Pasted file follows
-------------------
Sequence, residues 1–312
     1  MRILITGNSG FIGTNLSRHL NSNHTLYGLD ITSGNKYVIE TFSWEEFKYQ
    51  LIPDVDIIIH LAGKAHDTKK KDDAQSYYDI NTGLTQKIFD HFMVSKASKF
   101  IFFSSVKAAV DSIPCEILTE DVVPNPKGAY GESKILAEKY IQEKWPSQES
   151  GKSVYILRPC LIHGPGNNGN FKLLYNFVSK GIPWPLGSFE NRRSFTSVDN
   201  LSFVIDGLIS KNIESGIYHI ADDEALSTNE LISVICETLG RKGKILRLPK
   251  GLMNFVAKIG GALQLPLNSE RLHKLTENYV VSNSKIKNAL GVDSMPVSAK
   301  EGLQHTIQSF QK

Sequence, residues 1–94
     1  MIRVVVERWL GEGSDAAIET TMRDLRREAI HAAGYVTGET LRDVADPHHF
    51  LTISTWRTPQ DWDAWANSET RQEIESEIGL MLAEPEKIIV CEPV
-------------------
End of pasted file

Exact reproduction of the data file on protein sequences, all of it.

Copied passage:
Sequence, residues 1–312
     1  MRILITGNSG FIGTNLSRHL NSNHTLYGLD ITSGNKYVIE TFSWEEFKYQ
    51  LIPDVDIIIH LAGKAHDTKK KDDAQSYYDI NTGLTQKIFD HFMVSKASKF
   101  IFFSSVKAAV DSIPCEILTE DVVPNPKGAY GESKILAEKY IQEKWPSQES
   151  GKSVYILRPC LIHGPGNNGN FKLLYNFVSK GIPWPLGSFE NRRSFTSVDN
   201  LSFVIDGLIS KNIESGIYHI ADDEALSTNE LISVICETLG RKGKILRLPK
   251  GLMNFVAKIG GALQLPLNSE RLHKLTENYV VSNSKIKNAL GVDSMPVSAK
   301  EGLQHTIQSF QK

Sequence, residues 1–94
     1  MIRVVVERWL GEGSDAAIET TMRDLRREAI HAAGYVTGET LRDVADPHHF
    51  LTISTWRTPQ DWDAWANSET RQEIESEIGL MLAEPEKIIV CEPV